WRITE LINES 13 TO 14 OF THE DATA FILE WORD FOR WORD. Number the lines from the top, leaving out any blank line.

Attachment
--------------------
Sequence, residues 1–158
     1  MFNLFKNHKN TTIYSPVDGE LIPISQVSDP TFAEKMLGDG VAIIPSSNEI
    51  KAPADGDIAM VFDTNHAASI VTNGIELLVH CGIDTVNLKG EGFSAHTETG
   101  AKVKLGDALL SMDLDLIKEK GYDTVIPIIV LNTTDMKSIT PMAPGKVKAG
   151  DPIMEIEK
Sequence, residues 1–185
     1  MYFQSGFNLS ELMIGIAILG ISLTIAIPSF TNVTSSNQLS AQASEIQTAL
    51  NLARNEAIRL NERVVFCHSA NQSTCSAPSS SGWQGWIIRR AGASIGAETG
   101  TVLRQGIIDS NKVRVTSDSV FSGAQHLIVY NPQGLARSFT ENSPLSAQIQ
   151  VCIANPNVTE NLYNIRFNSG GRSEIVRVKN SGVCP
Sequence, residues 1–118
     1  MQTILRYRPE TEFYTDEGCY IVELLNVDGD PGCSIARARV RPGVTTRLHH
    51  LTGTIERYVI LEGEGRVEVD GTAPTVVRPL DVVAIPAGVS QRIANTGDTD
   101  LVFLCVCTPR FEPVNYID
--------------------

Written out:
    51  LTGTIERYVI LEGEGRVEVD GTAPTVVRPL DVVAIPAGVS QRIANTGDTD
   101  LVFLCVCTPR FEPVNYID